Given that I am writing and participating daily on numerous groomers' forums and in individual email, it seems a good idea to gather these bits and pieces together in one place. Beginning today, I am going to take time each Sunday morning to review posts I have shared that might have some educational value to a larger audience - that would be YOU. Pardon me if I pontificate and do not recap the entire thread. I will include a "Picture of the Week", from any photos I have shared on Facebook or Groompics-TNT. Here are some recent ramblings:
A groomer wrote: I went to a seminar with (name deleted) and she mention this bacteria that grows on pre mixed shampoo for too long, the next day at the [bathing system vendor] booth, I asked the lady about this, since they mix the shampoo at 5 gallons at a time and she told me that only occurs on plastic bottles and the cosmo system is stainless steel, what can you tell me about this, is this correct?
Most shampoos are formulated and manufactured with just the exact amount of preservatives needed to protect the concentrated product. Preservatives are necessary to protect the product from bacteria and fungi. They are nasty chemicals, so they are not used any more than just enough. Nasty but necessary. When we dilute the product, we also dilute the preservative, often leaving the mixed product with inadequate protection against microbial invasion. All water-based products are subject to contamination. Plastic bottles are particularly susceptible, and bottles that are opened often are at highest risk (water + air exposure). Around the grooves of lids is an area that will collect bacteria, but the bacteria also can live inside the water of unprotected solutions.
Stainless steel is more resistive to bacterial contamination than is plastic, but it is NOT invulnerable. The bacteria is less likely to adhere to the stainless steel surface than to plastic, but contamination can still occur. As Mary Oquendo (The Queen of Clean) says: If stainless steel were somehow impervious to microbes, surgeons would not need to sterilize their instruments.
Furnuculosis is a very serious form of deep bacterial skin infection that occurs when the hair follicles themselves become infected. It can be deadly. Fortunately it is extremely rare. Most furnuculosis (also known as canine acne), occurs between the toes (interdigital furnuculosis) or around the anus. Infected pimples on the chin can also be furnuculosis. Rarely are these conditions associated with grooming products. But there are other superficial bacterial infections (superficial pyoderma) that can occur on pets from contaminated products or tools. Superficial pyoderma, which includes bacterial folliculitis is usually more treatable than furnuculosis, unless it is from a MRSA strain.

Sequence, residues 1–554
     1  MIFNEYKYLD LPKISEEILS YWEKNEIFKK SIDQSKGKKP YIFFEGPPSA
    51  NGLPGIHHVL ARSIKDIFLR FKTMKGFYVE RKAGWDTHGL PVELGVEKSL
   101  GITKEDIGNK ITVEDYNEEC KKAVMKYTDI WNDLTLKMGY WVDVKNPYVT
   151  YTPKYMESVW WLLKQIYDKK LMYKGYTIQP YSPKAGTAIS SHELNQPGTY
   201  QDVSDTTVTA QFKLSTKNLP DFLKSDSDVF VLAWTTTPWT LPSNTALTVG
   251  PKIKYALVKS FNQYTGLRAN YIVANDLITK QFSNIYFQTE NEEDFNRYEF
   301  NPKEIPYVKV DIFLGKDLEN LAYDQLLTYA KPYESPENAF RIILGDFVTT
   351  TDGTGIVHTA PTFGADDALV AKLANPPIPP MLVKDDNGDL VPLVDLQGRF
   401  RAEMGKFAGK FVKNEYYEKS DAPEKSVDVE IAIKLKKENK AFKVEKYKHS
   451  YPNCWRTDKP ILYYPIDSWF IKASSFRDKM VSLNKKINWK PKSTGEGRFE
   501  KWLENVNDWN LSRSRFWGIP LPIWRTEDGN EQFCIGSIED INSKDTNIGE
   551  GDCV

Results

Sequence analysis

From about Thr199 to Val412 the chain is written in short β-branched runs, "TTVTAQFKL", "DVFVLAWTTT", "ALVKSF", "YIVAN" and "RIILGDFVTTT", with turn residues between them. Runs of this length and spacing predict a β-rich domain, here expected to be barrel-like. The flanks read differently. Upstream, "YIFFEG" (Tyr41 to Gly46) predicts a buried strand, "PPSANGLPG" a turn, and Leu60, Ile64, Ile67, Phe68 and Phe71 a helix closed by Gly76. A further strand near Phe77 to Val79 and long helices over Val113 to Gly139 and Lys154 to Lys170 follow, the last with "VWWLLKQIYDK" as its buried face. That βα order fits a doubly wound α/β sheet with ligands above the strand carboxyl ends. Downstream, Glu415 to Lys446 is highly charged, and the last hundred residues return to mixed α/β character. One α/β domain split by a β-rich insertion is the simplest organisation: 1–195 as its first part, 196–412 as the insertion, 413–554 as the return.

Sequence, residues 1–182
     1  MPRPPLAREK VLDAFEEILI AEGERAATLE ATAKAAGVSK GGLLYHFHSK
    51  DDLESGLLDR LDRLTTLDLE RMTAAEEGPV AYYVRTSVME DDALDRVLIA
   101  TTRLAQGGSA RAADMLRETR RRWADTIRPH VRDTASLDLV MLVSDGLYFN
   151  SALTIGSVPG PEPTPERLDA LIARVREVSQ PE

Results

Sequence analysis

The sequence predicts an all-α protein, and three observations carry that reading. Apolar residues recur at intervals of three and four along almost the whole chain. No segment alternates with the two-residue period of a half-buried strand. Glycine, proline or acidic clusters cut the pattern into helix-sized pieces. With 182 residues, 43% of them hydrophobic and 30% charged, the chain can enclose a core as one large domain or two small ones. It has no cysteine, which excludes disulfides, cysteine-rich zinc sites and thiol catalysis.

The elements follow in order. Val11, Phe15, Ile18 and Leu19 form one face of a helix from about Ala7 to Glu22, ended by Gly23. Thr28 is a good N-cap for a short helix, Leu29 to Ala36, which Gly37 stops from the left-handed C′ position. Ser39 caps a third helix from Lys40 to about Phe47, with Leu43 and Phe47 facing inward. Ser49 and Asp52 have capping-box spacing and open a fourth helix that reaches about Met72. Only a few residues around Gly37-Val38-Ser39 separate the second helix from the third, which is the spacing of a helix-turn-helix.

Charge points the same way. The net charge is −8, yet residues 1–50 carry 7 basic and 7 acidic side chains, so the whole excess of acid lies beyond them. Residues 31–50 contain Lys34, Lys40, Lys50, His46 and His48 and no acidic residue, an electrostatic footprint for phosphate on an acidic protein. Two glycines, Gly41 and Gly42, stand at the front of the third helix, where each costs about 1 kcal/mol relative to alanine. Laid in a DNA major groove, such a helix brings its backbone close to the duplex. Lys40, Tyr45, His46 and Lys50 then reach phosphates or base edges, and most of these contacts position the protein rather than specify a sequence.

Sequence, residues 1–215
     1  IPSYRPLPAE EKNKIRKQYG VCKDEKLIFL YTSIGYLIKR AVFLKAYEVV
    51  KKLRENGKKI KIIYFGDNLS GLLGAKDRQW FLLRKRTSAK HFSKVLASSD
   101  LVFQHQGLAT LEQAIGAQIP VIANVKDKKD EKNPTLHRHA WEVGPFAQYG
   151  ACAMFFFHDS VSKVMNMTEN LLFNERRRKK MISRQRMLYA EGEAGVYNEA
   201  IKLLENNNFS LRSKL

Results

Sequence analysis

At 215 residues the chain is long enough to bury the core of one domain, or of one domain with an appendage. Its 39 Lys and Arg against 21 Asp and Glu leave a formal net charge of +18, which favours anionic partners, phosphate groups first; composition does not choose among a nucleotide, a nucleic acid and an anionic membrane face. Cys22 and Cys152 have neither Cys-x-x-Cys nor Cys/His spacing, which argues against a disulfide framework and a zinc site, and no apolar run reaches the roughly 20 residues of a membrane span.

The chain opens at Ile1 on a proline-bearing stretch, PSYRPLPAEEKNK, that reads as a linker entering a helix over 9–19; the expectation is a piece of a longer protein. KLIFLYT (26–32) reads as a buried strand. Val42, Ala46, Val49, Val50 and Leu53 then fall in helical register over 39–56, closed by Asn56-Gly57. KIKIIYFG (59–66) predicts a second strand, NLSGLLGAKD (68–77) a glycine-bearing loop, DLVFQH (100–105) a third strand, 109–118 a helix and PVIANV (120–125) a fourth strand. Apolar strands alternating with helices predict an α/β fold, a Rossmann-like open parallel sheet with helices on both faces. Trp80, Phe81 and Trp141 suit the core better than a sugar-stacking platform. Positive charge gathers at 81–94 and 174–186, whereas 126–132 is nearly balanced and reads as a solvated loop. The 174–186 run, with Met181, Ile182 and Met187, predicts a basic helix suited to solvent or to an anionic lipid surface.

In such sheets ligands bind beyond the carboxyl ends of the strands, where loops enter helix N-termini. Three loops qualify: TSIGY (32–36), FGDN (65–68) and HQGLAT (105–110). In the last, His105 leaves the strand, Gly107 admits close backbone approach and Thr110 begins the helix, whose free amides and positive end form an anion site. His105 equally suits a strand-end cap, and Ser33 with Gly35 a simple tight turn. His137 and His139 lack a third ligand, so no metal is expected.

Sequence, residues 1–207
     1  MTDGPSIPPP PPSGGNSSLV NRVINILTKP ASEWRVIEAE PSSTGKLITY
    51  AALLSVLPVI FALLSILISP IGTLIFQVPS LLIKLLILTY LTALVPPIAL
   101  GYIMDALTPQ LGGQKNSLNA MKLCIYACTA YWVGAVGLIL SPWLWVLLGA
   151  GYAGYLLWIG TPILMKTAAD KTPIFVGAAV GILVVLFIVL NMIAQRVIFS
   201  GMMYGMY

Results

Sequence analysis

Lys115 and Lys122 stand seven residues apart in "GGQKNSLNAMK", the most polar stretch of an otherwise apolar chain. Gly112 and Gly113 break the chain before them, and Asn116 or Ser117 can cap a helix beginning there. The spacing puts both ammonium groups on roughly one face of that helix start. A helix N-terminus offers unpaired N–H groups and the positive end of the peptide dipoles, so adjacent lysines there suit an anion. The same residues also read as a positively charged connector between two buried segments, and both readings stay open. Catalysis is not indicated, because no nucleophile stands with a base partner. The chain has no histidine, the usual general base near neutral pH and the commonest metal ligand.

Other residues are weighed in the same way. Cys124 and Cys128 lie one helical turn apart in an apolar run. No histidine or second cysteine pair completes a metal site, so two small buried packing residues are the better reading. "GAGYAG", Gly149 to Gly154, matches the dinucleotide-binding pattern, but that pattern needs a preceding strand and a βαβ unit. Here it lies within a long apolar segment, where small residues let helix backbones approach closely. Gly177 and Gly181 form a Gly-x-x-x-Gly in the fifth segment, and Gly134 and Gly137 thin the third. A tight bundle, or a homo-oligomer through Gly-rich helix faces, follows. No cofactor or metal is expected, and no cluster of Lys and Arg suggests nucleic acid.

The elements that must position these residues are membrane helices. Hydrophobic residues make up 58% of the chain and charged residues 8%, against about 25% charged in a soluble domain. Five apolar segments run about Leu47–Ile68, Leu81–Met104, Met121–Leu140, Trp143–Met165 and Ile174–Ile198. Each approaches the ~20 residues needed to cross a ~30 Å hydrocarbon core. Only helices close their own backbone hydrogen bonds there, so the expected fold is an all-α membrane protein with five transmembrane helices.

Bacterial skin infections can occur if diluted shampoos or conditioners become contaminated. It is wise to discard unused diluted products. How long a diluted product is safe depends on a number of factors, including the water used to dilute (distilled water is best, tap water contains microbes), temperature of the workplace (the warmer the environment, the more the microbes proliferate), the container (bacteria attach to plastic better than to stainless steel), and the air exposure (a bottle that is often opened is more exposed to contaminants). Another important factor is the product formula and the preservatives used. Traditional preservative agents such as parabens can withstand dilution better than the newer "natural" preservatives or "preservative-free" products. Finally, the amount of dilution makes a difference in the shelf-life of a mixed product. Highly diluted products, say 50:1, have practically no preservative action.